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Sunday, December 13
A Review of Dipesh Chakrabarty's "Provincializing Europe" by Amit Chaudhuri (London Review of Books)
by Debashish on December 13, 2009 06:03PM (PST)
(recycled): Dipesh Chakrabarty's book "Provincializing Europe" is an important theoretical study of colonialism and its legacies in India. While [many] works outline the atrocities and dleterious effects of colonialism abound, Chakrabarti, one of the founder-members of the Subaltern Studies movement in Indian (and world) history tells the story from the lesser known side of the strategies used by Indians (in colonial Kolkata) for making an "alternate habitation" of modernity - i.e. adapting it to their own uses. In doing this, he also makes a number of important theoretical points about cultural situatedness and conditions for effective cross-cultural dialog. This review, taken from the London Review of Books is by Amit Chaudhuri, a well-known younger Indian novelist and commentator. more »
Tuesday, September 29
by Rich on September 29, 2009 06:38PM (PDT)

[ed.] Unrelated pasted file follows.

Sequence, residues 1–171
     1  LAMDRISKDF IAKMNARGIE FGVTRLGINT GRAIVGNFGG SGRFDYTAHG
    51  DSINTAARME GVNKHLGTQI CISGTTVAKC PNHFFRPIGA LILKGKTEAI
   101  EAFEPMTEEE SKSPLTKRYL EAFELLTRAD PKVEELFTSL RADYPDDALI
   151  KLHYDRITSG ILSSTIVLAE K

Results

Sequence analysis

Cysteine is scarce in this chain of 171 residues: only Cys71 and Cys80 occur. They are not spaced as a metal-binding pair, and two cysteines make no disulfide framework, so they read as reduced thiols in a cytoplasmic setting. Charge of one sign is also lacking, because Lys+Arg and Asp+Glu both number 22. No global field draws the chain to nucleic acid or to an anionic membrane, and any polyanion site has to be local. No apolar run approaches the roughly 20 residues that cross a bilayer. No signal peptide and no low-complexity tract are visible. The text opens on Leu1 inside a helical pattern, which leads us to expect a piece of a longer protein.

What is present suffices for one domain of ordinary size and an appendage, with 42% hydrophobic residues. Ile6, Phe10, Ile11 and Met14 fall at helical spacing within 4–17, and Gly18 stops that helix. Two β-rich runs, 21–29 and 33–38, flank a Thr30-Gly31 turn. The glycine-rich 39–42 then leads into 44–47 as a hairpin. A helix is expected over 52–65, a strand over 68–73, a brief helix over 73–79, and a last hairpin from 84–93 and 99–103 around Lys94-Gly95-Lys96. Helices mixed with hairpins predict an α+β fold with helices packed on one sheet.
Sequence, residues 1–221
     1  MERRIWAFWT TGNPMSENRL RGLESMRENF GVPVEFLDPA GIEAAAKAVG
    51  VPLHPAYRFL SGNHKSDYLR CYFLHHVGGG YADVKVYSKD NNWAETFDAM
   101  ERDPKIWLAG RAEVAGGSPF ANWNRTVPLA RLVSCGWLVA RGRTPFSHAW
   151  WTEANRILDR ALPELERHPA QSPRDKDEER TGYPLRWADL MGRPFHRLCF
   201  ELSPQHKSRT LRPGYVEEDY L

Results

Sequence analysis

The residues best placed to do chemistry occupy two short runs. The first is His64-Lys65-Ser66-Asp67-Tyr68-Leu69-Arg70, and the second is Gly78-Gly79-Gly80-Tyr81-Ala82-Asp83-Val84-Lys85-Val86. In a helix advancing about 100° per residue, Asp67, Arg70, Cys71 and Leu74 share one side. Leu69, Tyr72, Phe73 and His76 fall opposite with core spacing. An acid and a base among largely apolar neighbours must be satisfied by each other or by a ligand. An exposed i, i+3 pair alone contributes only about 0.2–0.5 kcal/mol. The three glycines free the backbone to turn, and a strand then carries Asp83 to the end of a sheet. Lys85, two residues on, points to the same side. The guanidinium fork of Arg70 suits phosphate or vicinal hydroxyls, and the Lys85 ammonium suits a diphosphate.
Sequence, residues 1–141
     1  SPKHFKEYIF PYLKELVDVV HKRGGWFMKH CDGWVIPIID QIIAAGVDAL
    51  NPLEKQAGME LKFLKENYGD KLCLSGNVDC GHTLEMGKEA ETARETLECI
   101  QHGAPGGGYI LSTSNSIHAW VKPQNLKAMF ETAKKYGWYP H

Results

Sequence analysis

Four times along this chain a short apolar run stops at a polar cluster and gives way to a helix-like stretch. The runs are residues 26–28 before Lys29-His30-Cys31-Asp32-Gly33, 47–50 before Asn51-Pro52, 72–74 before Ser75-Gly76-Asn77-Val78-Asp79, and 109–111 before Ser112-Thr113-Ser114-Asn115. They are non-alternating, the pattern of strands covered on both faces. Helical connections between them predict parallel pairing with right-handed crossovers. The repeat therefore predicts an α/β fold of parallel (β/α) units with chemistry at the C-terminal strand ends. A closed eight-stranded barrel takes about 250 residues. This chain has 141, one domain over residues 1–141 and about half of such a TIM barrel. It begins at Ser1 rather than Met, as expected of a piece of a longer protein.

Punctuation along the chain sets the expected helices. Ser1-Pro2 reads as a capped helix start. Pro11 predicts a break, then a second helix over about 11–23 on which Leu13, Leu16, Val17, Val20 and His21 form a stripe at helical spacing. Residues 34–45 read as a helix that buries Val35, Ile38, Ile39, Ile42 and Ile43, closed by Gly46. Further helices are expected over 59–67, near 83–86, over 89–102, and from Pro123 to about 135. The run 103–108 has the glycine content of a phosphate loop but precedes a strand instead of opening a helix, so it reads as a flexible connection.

In a country where one can be arrested for writing a book because it offends the sentiments of religious devotees or criticizing or for criticizing the judiciary this interview with Arundati Roy addresses sham democracy in India. One has to confront Arundati one by one on the issues she raises for social justice that are wide ranging and concern Maoist in Orissa, armed occupation in Kashmir, the ever latent potential for genocide within the power regimes couched within Hindu or Islamic fundamentalist movements or even more to the point, the model of Sinhalese Buddhist Nationalism for ethnic cleansing that is being adapted by the Home Minister (and former Enron lawyer) India's new neo-liberal elite, its global corporations to move 85% of the population from the villages and countryside into mega-city slums, appropriating the lands of indigenous peoples, to harvest for themselves India's last remaining natural mineral resources, such as bauxite.... more »
Wednesday, September 16
by Debashish on September 16, 2009 11:25PM (PDT)
In this last chapter of his autobiographical novel The Global Soul, Pico Iyer captures the peculiar malaise of contemporary modernity - the uncertainty of belonging, the illusory surface of global consumerism, the search for traditional fixities.
Perhaps underlying this statement of alien homecoming lies a tragic absurdism; perhaps it opens a door on an alternate modernity; perhaps it is a call for an engaged postmodernity. Iyer leaves us with ambiguous questions.more »
Sunday, September 6
by Debashish on September 6, 2009 07:14PM (PDT)
"The Crisis of the Mind" was written by by the French Symbolist poet and essayist Paul Valery at the request of John Middleton Murry. "La Crise de l'esprit" originally appeared in English, in two parts, in The Athenaeum (London), April 11 and May 2, 1919. The French text was published the same year in the August number of La Nouvelle Revue Française.